Tom Crowe at Domine, Non Sum Dignus reports back
on his reading of City of God:
"[P]agan emporers and warriors of Rome's past did indeed at times enjoy success and successfully advance the empire; but Augustine argues that such was the reward due them since their purposes and goals were, at root, earthly. God therefore rendered to them that which they deserved. They did not enjoy the reward in the afterlife because they did not seek it."
"They did not enjoy the reward in the afterlife because they did not seek it.' Reminds me of the famous phrase of C. S. Lewis in The Great Divorce
: "There are only two kinds of people in the end: those who say to God, 'Thy will be done,' and those to whom God says, in the end, 'Thy will be done'."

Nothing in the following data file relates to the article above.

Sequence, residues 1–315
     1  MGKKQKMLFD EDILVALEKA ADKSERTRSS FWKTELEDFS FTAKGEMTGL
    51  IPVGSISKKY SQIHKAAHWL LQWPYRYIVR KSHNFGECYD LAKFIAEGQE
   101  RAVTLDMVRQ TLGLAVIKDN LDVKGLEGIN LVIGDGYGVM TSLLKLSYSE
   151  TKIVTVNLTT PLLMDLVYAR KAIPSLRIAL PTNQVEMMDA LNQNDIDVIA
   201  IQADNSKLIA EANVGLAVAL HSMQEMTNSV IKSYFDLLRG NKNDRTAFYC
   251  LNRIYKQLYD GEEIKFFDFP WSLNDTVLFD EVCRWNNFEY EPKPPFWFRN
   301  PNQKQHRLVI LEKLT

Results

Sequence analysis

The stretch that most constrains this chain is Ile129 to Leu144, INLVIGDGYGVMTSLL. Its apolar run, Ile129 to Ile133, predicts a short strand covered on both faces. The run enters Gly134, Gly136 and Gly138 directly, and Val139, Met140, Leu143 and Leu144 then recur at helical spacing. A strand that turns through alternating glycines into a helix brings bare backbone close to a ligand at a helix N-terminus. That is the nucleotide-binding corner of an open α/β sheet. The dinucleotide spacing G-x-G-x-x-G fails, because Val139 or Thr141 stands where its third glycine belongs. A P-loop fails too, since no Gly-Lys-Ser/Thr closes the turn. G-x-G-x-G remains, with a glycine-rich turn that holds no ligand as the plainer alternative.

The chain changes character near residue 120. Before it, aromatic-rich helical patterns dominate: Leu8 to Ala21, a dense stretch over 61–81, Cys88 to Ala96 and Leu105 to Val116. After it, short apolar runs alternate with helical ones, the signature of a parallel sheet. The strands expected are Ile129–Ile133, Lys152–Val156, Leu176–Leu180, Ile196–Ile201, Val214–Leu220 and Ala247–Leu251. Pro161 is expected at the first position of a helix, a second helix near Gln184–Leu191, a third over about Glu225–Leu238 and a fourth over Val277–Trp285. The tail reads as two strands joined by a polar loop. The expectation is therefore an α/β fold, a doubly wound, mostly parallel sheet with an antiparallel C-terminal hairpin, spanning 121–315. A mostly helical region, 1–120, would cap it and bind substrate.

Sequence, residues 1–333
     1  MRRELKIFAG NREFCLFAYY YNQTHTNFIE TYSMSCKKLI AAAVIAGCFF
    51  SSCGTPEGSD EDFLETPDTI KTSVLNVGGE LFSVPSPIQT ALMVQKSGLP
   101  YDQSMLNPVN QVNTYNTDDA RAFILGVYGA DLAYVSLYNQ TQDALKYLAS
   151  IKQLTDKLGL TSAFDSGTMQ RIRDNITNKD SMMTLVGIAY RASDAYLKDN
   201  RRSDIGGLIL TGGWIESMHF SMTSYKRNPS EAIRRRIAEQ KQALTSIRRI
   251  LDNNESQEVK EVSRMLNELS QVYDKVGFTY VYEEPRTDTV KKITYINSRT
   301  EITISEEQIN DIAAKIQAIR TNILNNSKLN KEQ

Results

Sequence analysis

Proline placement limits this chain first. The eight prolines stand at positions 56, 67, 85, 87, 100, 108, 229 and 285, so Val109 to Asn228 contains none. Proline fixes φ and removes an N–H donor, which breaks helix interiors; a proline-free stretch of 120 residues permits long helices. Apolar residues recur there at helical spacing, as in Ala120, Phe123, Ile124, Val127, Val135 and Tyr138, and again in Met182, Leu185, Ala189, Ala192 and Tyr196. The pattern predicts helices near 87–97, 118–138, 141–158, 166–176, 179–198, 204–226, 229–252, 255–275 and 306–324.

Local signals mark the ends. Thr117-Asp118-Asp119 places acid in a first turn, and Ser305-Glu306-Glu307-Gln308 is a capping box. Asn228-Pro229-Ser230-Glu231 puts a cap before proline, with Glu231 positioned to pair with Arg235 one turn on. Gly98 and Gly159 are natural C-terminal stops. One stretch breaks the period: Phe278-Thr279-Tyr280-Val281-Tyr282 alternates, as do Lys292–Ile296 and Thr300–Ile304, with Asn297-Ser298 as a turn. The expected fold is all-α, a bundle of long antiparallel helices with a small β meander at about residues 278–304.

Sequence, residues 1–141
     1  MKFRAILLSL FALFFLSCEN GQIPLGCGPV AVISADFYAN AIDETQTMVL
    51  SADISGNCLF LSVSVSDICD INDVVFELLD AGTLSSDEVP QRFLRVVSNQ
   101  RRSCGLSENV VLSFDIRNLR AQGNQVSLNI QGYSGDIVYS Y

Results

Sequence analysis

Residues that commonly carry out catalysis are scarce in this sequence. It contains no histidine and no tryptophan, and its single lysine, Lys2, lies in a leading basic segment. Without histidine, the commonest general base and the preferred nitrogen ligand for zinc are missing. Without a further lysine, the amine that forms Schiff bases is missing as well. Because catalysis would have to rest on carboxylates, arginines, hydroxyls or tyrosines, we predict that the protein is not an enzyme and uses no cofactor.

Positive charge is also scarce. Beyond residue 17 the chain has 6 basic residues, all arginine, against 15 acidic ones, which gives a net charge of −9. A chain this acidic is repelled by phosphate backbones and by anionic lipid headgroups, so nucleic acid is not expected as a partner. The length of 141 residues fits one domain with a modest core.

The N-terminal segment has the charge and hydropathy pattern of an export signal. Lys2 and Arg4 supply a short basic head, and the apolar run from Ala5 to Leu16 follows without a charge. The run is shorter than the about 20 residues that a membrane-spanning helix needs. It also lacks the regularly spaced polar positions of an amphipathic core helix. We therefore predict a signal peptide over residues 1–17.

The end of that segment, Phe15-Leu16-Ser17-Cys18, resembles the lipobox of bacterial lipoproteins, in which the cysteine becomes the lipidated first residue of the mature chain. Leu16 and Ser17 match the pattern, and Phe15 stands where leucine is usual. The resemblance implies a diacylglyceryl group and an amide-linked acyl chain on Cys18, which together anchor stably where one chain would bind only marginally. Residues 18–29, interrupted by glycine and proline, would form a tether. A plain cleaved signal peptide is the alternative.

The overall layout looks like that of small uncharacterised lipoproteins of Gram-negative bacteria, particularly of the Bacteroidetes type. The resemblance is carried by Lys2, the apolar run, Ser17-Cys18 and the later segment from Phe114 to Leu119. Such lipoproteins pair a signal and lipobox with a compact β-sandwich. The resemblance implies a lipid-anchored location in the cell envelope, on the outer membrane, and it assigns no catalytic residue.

"It had a purpose," Augustine says of the Roman Empire. That purpose, however, points upward and outward, far beyond the reaches of that earthly city. The purpose, in short, is to serve as a 'foil,' so that the citizens of the true Eternal City "could understand what love of their Heavenly Fatherland should be inspired by everlasting life." Augustine's City of God is a panacea for secular absolutism, as Augustine's 'political relativism' flattens any claims of finality that an earthly kingdom might dare to make. Its claims can only be 'temporal' in the fullest sense of that word. But, and I think it was Chesterton who pointed this out, it is precisely those who have abandoned this world, in order to live more fully in the next, who are able to love it most authentically. That is why the greatest works of charity on earth are carried out by those who care nothing for earth (think Mother Theresa here). Paradoxically, to hold your citizenship in this world, is to be powerless to reform it, or to see it as capable of anything better than it is. To hold your citizenship in God's Kingdom, in the end, is the only way to make that Kingdom come . . . "on earth as it is in heaven."